if the tax code is not rewritten, the government will continue fucking over the middle class who not only pay through their noses but who also see cuts to a host of middle-class protecting policies and programs – to make up for the deficit created by the agenda of the 1% and their exemption from carrying the economic burden.
Effectively this leads to a society in which we all become indentured servants working for the 1% while actively underwriting their wealth without much protection for us in the forms of regulation (because regulation means accountability, which in turn cuts into profits).
A strong, wealthy, prosperous middle class is the litmus test for a strong, healthy economy and ultimately society. Poverty and destitution are destabilizing, leading to political and civil unrest.
Giving the wealthy tax breaks has not trickled down on the masses. The wealthy just hold on to their wealth which they use to exert more political power, which they then use to get our corrupt lawmakers to enact even more policies in their favor. It is a vicious cycle and a massive trap.
These are the kind of systemic issues (I cannot emphasis this enough) that individuals cannot overcome by sheer will-power or “by virtue of their efforts” as the President put it in his State of the Union Address.
“Americans understand that some people will earn more than others, and we don’t resent those who, by virtue of their efforts [emphasis mine] achieve incredible success. But Americans overwhelmingly agree that no one who works full time should ever have to raise a family in poverty.” – President Barack Obama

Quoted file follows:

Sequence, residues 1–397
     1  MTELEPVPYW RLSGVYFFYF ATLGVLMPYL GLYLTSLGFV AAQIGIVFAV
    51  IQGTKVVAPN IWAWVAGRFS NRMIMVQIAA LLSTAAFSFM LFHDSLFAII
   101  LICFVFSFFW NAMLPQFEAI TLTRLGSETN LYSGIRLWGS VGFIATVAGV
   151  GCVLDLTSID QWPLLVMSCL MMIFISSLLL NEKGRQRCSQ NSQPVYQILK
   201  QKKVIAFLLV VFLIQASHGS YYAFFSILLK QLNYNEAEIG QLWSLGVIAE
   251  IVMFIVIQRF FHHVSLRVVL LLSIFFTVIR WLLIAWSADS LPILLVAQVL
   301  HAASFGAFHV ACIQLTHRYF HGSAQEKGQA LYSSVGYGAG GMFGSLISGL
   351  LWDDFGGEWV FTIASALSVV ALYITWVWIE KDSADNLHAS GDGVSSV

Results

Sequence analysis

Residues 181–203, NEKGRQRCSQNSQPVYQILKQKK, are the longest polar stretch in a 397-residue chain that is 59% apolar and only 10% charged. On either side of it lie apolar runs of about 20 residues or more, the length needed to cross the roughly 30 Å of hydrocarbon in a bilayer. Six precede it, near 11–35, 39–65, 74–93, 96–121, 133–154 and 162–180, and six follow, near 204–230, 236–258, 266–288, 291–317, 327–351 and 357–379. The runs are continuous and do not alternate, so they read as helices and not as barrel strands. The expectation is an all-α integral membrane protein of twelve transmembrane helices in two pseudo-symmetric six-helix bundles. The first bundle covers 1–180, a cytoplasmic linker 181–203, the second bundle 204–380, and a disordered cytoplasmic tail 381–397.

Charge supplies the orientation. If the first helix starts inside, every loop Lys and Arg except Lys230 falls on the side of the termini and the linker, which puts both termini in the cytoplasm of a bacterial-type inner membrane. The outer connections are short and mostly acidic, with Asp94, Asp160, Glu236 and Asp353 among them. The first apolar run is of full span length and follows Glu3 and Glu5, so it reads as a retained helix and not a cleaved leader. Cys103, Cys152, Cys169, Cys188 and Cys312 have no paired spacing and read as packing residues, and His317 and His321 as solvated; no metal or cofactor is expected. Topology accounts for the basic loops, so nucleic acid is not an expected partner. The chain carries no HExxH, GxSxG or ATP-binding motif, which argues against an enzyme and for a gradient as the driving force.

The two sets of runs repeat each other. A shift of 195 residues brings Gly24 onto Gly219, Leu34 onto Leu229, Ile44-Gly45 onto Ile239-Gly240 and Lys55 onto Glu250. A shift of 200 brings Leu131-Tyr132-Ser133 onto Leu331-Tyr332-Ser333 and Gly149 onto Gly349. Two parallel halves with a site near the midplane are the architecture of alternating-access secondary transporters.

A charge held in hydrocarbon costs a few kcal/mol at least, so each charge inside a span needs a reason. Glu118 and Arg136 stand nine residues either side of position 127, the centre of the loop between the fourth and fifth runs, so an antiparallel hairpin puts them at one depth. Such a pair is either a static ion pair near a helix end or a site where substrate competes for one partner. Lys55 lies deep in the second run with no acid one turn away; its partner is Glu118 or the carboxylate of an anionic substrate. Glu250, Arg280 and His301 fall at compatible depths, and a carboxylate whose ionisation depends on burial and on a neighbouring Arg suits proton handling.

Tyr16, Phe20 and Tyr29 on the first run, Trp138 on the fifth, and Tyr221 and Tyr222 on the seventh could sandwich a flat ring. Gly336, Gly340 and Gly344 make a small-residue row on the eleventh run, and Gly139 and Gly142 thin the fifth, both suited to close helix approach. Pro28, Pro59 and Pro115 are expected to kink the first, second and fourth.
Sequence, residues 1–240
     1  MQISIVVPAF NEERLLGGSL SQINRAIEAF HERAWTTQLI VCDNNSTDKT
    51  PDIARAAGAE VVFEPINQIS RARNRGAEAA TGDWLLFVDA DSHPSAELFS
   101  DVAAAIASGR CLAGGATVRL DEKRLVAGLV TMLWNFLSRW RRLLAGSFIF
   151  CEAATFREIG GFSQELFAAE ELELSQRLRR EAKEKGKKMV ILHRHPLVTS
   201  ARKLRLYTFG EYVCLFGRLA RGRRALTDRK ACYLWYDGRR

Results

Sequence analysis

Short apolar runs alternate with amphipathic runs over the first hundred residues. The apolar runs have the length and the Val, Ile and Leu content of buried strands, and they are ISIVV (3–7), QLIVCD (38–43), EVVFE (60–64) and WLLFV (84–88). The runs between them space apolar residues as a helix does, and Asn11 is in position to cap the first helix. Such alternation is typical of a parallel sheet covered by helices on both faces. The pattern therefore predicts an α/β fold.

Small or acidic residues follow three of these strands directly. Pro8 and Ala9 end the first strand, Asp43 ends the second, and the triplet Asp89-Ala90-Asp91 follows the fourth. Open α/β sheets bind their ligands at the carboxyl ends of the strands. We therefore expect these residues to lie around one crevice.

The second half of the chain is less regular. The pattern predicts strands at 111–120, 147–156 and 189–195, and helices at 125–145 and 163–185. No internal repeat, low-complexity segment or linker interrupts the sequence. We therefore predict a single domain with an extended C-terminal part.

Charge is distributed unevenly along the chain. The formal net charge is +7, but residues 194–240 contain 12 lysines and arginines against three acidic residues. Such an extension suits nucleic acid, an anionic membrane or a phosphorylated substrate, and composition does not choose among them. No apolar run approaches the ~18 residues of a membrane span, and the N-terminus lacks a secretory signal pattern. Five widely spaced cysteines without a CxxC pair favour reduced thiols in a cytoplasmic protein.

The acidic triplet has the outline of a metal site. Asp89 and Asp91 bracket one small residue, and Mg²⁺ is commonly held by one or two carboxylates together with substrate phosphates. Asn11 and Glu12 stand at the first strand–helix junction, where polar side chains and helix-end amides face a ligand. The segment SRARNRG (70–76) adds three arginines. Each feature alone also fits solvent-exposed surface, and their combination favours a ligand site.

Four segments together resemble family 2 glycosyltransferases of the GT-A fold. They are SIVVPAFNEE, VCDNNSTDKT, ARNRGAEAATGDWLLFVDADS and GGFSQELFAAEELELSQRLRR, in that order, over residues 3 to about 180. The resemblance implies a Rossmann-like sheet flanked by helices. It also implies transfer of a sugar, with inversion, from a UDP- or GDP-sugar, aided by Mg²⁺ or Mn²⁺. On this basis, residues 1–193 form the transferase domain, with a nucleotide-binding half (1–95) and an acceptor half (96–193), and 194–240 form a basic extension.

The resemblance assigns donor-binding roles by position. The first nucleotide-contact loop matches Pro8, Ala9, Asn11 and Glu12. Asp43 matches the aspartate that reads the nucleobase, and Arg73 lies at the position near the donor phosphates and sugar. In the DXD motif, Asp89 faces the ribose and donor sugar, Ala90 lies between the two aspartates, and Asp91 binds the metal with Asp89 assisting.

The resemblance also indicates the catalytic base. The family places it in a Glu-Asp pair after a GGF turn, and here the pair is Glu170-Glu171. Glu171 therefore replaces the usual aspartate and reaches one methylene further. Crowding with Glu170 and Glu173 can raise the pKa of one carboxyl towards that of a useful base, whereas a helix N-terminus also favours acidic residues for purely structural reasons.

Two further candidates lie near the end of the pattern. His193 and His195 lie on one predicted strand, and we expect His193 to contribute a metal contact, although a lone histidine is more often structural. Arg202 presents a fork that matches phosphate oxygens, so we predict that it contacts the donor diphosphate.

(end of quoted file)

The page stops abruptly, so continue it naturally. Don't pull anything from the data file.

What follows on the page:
That, in a nutshell, is the problem with not only Obama’s speech in particular but this country’s attitude toward economic stability and upward mobility, in general; this idea that those who have a lot – obscenely a lot, owning 80% of the country’s assets a lot – have it because of “virtue of their efforts.”
The reason I keep referencing President Obama is not because I am especially interested in beating up on him – as he is certainly not the only leader who entertains these incredibly misplaced notions about bootstraps – but to point out that such assertions, coming from the President who sets the tone, do not help people but lend credibility to false bootstraps narratives that tell us that the only thing standing between the haves and have-nots is supposedly just hard work and effort. As if systemic inequalities, formulated into policy by our very leaders and the corporations whose bidding they do, were not the enemies of the very security that Obama is advocating for.
Was it possible to get through a speech addressed at the American people without giving credence to, and therefore validating, the very bullshit bootstraps narratives that are the reason we are here? Or could we maybe indulge the radical idea that the American people, the wage-earners and non asset-holders, the poor, disabled and disadvantaged, are worth uplifting, regardless of their efforts?
Or maybe at least acknowledge that effort has nothing to do with why so many people are struggling while so few are benefiting.
The problem with narratives, while certainly heart-warming, is that they automatically and implicitly view people who do not enjoy incredible monetary success as those who simply are not making the effort and sacrifices, as people who don’t work hard enough, try hard enough and make better decisions, pulling themselves up by their bootstraps blah blah yawn.